Equation \(\ref{3.1.17}\) is the *time-dependent Schrödinger* equation describing the wavefunction amplitude \(\Psi(\vec{r}, t)\) of matter waves associated with the particle within a specified potential \(V(\vec{r})\). Its formulation in 1926 represents the start of modern quantum mechanics (Heisenberg in 1925 proposed another version known as matrix mechanics).

For *conservative *systems, the energy is a constant, and the time-dependent factor from Equation \(\ref{3.1.7}\) can be separated from the space-only factor (via the *Separation of Variables* technique discussed in Section 2.2)

\[\Psi(\vec{r},t)=\psi(\vec{r})e^{-iEt / \hbar}\label{3.1.18} \]

where \(\psi(\vec{r})\) is a wavefunction dependent (or time-independent) wavefuction that only depends on space coordinates. Putting Equation \(\ref{3.1.18}\) into Equation \(\ref{3.1.17}\) and cancelling the exponential factors, we obtain the time-independent Schrödinger equation:

\[ \textcolor{red}{ \underbrace{\left[-\dfrac{\hbar^2}{2m}\nabla^2+V(\vec{r})\right]\psi(\vec{r})=E\psi(\vec{r})} _{\text{time-independent Schrödinger equation}}} \label{3.1.19} \]

The overall form of the Equation \(\ref{3.1.19}\) is not unusual or unexpected as it uses the principle of the **conservation of energy**. Most of our applications of quantum mechanics to chemistry will be based on this equation (with the exception of spectroscopy). The terms of the time-independent Schrödinger equation can then be interpreted as total energy of the system, equal to the system kinetic energy plus the system potential energy. In this respect, it is just the same as in classical physics.

Notice that the wavefunctions used with the time-independent Schrödinger equation (i.e., \(\psi(\vec{r})\)) do not have explicit \(t\) dependences like the wavefunctions of time-dependent analog in Equation \(\ref{3.1.17}\) (i.e., \(\Psi(\vec{r},t)\)). That does **not imply** that there is no time dependence to the wavefunction. Equation \ref{3.1.18} argues that the time-dependent (i.e., full spatial and temporal) wavefunction (\(\Psi(\vec{r},t)\)) differs from from the time-independent (i.e., spatial only) wavefunction \(\psi(\vec{r})\) by a "phase factor" of constant magnitude. Using the Euler relationship in Equation \ref{3.1.4}, the total wavefunction above can be expanded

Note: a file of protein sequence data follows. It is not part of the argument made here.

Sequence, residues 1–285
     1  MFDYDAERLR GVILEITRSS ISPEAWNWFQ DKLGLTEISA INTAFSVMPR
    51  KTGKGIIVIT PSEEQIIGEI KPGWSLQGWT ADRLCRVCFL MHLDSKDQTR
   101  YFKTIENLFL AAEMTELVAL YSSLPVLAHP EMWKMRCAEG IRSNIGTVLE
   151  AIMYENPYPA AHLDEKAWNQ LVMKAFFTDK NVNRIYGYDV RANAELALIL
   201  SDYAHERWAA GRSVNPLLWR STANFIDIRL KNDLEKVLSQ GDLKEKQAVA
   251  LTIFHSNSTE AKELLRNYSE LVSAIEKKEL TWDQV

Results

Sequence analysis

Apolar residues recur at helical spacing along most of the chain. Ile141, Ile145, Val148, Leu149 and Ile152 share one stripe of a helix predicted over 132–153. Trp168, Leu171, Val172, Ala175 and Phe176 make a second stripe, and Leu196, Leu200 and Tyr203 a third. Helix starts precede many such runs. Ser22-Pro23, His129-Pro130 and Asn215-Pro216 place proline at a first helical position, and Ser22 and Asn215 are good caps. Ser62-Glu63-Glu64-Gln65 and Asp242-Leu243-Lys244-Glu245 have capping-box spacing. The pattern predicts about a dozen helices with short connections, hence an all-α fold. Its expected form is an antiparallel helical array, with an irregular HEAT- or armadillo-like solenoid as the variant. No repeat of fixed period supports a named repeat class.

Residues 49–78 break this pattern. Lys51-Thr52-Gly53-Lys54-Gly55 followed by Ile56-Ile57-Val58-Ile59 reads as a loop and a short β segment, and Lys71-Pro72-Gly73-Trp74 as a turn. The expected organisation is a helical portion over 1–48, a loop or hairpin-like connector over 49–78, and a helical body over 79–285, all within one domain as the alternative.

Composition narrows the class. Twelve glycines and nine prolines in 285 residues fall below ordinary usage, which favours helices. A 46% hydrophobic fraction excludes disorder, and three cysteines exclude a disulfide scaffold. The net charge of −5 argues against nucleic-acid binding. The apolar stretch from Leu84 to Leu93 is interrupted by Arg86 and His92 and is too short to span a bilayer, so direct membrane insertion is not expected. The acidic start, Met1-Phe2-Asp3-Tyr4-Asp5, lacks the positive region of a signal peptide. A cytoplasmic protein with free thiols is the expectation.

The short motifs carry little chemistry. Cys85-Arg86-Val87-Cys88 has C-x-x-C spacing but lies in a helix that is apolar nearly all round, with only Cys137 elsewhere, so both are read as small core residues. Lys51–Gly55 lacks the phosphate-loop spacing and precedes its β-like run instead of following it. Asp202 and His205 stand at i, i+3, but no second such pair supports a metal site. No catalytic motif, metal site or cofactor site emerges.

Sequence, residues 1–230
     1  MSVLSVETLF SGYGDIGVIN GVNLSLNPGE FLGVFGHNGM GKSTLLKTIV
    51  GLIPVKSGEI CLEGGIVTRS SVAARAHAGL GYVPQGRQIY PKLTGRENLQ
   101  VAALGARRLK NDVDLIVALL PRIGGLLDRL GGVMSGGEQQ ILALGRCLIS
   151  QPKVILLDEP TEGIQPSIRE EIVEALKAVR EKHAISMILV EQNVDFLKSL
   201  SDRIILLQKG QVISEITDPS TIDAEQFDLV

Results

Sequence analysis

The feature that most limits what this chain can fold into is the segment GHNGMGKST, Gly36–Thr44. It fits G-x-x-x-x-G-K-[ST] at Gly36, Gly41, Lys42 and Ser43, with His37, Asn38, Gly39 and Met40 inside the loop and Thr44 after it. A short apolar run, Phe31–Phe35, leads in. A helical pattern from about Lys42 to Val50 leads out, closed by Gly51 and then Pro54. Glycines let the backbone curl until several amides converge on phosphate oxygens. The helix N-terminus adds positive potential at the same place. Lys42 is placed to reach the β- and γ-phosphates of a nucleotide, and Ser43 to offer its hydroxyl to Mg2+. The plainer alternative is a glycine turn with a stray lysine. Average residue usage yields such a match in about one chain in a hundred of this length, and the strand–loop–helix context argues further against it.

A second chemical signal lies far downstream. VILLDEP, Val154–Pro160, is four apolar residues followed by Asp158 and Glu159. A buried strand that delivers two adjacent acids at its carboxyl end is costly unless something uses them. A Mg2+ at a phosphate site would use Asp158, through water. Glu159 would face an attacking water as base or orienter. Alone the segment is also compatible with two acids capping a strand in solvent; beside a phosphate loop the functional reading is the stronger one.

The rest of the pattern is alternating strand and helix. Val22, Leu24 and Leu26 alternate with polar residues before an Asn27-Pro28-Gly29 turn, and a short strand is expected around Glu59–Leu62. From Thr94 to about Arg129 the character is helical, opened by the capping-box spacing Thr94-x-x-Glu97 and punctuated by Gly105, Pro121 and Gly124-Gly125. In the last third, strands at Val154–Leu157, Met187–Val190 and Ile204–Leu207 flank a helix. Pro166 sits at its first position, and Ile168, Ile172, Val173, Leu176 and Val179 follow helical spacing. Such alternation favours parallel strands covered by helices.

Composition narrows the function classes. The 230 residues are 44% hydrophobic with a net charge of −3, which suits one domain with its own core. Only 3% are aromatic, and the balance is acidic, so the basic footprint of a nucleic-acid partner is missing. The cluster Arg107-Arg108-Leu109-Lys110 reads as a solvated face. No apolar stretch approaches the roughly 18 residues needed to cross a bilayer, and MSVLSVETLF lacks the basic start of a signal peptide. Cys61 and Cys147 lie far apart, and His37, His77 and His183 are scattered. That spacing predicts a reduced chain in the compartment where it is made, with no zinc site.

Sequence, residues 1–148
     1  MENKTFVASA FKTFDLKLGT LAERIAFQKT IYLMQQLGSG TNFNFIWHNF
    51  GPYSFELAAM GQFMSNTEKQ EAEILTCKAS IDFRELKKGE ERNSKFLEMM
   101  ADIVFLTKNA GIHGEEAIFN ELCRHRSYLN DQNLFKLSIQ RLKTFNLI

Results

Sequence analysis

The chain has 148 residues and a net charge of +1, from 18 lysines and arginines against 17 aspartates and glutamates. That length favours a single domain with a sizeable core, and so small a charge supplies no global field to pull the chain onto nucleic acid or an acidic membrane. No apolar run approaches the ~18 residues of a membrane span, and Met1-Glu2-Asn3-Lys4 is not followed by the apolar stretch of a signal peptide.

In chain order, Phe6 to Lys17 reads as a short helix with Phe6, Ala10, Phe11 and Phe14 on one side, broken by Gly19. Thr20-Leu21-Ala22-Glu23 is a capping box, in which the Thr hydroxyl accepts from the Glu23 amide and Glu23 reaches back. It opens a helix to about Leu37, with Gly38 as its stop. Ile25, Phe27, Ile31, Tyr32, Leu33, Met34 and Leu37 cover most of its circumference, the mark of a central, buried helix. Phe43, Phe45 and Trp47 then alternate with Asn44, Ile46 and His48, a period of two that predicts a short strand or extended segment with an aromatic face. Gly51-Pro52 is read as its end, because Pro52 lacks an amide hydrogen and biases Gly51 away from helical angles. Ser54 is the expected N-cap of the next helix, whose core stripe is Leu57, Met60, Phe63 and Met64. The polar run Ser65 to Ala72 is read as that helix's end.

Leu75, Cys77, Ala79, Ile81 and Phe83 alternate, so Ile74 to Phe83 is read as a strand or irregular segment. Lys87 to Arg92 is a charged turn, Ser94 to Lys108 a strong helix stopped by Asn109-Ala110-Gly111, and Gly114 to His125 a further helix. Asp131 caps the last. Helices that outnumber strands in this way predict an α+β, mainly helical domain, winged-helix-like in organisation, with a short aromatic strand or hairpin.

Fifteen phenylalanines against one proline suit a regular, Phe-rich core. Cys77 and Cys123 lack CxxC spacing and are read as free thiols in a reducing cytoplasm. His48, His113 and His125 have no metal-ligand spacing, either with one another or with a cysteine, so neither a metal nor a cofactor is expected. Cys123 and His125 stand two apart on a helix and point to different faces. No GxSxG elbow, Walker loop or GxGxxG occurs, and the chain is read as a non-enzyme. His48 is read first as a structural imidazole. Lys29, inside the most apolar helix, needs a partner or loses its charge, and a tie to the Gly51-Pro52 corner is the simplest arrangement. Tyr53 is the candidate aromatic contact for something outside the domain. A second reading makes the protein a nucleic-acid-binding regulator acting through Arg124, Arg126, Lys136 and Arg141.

\[\Psi(\vec{r},t)=\psi(\vec{r})\left(\cos \dfrac{Et}{\hbar} - i \, \sin \dfrac{Et}{\hbar} \right) \label{eq30} \]

This means the total wavefunction has a **complex behavior** with a real part and an imaginary part. Moreover, using the trigonometry identity \(\sin (\theta) = \cos (\theta - \pi/2)\) Equation \ref{eq30} can further simplified to

\[\Psi(\vec{r},t)=\psi(\vec{r})\cos \left(\dfrac{Et}{\hbar} \right) - i \psi(\vec{r})\cos \left(\dfrac{Et}{\hbar} - \dfrac{\pi}{2} \right) \nonumber \]

This shows that both the real and the imaginary components of the total wavefunction oscillate, the imaginary part of the total wavefunction oscillates **out of phase** by \(\frac{\pi}{2}\) with respect to the real part.

Note that while all wavefunctions have a time-dependence, that dependence may not impact in simple quantum problems as the next sections discuss and can often be ignored.

Before we embark on this, however, let us pause to comment on the validity of quantum mechanics. Despite its weirdness, its abstractness, and its strange view of the universe as a place of randomness and unpredictability, quantum theory has been subject to intense experimental scrutiny. It has been found to agree with experiments to better than \(10^{-10}\%\) for all cases studied so far. When the Schrödinger Equation is combined with a quantum description of the electromagnetic field, a theory known as *quantum electrodynamics*, the result is one of the most accurate theories of matter that has ever been put forth. Keeping this in mind, let us forge ahead in our discussion of the quantum universe and how to apply quantum theory to both model and real situations.